Recent trips to several flea markets and consignment shops have given me pause to ponder my love of vintage kitchenware. Swooping down like a magpie, I can’t seem to resist the mid-century modern designs and patterns that conjure up all kinds of nostalgia for me: memories of my grandmother mixing cake batter in her big Pyrex bowls, or her huge cast-iron pots on the stove coated in enamel in shades of avocado and popsicle-orange. It seems I’m not alone, either. Numerous friends of mine in the 30-something demographic are obsessed with these design icons of the past, snapping them up where and when we can for use in our own kitchens. I’ve selected five of my favourite vintage kitchenware brands and styles and have gathered some interesting information about their origins for this month's Domestic Insight column. What are some of your favourites?PYREX: Pyrex glassware was introduced to the American public in 1915 by Corning Glass Works. Today, there are three types of collectible Pyrex: Clear Pyrex Ovenware (introduced in 1915), Pyrex Flameware (1936 – 1979) and Pyrex Colors, which began production in 1947. Of these three types, most people are familiar with the Pyrex Colors collection because of its distinctive hues and folky patterns. Pyrex is still manufacturing modern cooking products but the vintage pieces are also relatively easy to find, due in large part to its enormous popularity. Its widespread availability, affordability, durability and the variations in its attractive designs made it a universally appealing. Chances are good that your mother, grandmother or aunt may have a few vintage examples in their kitchens! Examples of vintage Pyrex are easy to find at flea markets and antiques shops, and through online auction sites, such as Ebay.CATHRINEHOLM: Cathrineholm was an ironworks, located near the town of Halden in Norway, which started production in 1907. Originally the ironworks manufactured wrought iron products and agricultural equipment, but due to changing economic circumstances it later evolved into producing enamel kitchenware. The company closed in 1970. Cathrineholm enamelware can be difficult to find and most people build up their collection by buying on Ebay. Even on Ebay, there can sometimes only be a handful of items up for sale at any one time. A useful tip when searching for Cathrineholm on Ebay is to be aware that a huge number of people spell it incorrectly - so make sure that you also search for Cathrineholme, Cathrinehome, Catherineholm, Catherineholme, Catherinehome, Catherine holm, Catherine holme, Catherine home etc! The vibrant colors and charming printed patterns on Cathrineholme pieces are what make it so collectible today. They are strikingly modern.DANSK KOBENSTYLE: Dansk Kobenstyle Enamelware was originally manufactured by the Danish company Glud & Marstrand, but by 1966 had been sold to a French manufacturer. The cookware is most often compared to the French cookware brand Le Creuset, although it is lighter and more modern. The most sought-after examples are of Danish origin, exhibiting Dansk's original "Four Ducks" logo. The initials "IHQ" are the mark of Designer Jens Quistgaard. Among its unique features are the specially-designed lids, with criss-cross handles that can be safely lifted by a spoon and that allow a collection of cookware to stack beautifully. Lovers of this style of cookware will be delighted to know that it is being manufactured again in three colours: red, white and blue enamel. It was sold exclusively at Crate & Barrel at first, but other retailers have begun to carry it. Anthropologie has recently added it to its home product line.JADEITE: Personally, I find it difficult to think of Jadeite without thinking of Martha Stewart. Martha was an early champion of this now very-collectible form of pressed glass kitchenware and a portion of her personal collection is shown above, photographed in the pantry at Skylands, her home in Maine. Jadeite was made mostly during the 1920s and '30s and was popularized by the Jeannette Glass company in the 1930s as inexpensive Depression Era glassware. The term Jadeite refers to the colour (a milky, minty green) not a particular brand. A number of glassware companies in the U.S. and abroad made items in varying colors of Jadeite during this time period. The types of Jadeite vary depending on the company that produced the item, and they are usually identified by company marks. Companies like McKee and Fire King made glassware in Jadeite and can be identified by their logos on the bottoms of the pieces. Many other companies, both from the U.S. and abroad, manufactured Jadeite and there are books available with more detail for collectors. Modern variations on Jadeite are currently made by several brands, including Martha Stewart, and are often hand-pressed using the original molds. For most collectors the color is the draw, although unique examples, such as hen-shaped casserole dishes, slender cake stands and unique salt-and-pepper shakers add to the allure.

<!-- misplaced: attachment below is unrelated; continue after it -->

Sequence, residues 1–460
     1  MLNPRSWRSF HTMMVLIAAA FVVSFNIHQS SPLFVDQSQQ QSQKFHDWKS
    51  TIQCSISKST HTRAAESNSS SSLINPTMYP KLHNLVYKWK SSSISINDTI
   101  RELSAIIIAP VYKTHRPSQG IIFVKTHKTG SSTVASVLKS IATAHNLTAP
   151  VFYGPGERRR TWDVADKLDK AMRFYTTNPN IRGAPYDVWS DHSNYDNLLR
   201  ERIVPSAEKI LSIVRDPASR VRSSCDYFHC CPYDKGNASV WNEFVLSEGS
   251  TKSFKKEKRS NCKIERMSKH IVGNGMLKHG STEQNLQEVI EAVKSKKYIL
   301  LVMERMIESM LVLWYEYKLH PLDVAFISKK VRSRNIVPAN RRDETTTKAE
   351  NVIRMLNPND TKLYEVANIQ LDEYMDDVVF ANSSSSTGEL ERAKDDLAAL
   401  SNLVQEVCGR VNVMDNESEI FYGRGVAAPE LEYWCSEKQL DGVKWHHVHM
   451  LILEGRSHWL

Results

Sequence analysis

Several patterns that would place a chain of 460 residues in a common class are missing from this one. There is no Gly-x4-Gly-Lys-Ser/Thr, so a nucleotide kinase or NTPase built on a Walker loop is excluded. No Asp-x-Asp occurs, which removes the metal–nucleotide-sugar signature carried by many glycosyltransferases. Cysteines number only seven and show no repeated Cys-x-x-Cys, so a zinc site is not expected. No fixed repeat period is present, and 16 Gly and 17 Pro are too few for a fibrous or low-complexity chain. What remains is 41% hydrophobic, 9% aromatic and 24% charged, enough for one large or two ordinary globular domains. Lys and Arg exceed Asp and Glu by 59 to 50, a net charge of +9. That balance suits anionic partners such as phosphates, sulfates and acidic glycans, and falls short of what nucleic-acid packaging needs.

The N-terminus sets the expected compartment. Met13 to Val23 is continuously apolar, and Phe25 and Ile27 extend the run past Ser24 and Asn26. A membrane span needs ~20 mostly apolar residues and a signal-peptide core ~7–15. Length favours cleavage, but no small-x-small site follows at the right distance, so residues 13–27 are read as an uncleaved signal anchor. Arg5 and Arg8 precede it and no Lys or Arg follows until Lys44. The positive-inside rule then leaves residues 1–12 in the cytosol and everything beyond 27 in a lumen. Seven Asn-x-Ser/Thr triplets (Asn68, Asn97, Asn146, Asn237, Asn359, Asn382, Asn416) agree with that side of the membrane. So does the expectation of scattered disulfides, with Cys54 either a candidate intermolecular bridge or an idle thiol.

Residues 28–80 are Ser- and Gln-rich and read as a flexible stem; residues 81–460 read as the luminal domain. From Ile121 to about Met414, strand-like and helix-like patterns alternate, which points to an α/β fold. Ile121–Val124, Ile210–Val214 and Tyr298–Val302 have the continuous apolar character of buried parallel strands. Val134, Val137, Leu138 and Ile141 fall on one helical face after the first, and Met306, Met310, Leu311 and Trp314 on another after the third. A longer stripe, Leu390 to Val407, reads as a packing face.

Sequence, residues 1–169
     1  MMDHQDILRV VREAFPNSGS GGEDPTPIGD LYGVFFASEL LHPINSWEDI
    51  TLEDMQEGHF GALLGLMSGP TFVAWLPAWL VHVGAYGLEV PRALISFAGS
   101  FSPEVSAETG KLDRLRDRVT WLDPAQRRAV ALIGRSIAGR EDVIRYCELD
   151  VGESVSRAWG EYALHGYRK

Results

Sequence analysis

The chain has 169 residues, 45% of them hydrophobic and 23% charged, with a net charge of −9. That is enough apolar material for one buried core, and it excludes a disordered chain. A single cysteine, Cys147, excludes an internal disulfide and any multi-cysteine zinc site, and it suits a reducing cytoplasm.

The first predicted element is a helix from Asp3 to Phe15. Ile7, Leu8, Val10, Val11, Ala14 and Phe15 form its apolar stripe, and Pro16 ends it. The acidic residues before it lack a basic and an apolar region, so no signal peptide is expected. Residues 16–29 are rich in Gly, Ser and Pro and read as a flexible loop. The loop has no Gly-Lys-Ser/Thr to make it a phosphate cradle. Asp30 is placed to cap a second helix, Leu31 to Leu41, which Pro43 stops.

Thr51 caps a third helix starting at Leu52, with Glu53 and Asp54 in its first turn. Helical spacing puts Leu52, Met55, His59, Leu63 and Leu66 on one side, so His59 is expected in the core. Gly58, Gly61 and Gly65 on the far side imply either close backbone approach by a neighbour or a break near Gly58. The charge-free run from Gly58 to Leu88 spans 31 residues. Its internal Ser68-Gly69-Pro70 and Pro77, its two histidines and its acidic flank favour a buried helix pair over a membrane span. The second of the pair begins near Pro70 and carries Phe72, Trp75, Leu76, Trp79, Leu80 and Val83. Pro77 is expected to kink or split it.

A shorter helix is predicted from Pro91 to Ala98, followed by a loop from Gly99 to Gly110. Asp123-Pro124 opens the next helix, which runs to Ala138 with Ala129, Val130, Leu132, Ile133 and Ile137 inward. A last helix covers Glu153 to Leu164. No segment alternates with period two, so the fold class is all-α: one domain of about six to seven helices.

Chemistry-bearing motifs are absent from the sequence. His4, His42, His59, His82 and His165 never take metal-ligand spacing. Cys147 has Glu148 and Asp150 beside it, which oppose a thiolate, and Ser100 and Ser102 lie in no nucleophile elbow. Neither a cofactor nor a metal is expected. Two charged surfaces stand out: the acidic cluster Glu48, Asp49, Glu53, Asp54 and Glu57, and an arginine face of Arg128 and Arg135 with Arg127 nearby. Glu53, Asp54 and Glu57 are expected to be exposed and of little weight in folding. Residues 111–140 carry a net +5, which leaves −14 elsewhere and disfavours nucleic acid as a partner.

RUSSELL WRIGHT: American industrial designer Russell Wright (1904 – 1976) was best known for his colorful ceramic and plastic dinnerware, manufactured between 1939 and 1959b y Steubenville Pottery in Steubenville, Ohio. Wright also designed furniture, spun aluminum dining accessories and textiles and is celebrated for his influential contributions to American-modern design. The simple, clean lines in his designs, saturated color palettes and sturdy practicality made his dinnerware highly sought-after by middle-class families eager to embrace the new, modern aesthetic. Even during the period of manufacture, his pieces were relatively costly compared to other brands, marketed to consumers who valued quality craftsmanship and design. Russell Wright collections are highly collectible today, due in part to the limited period of time his pieces were produced.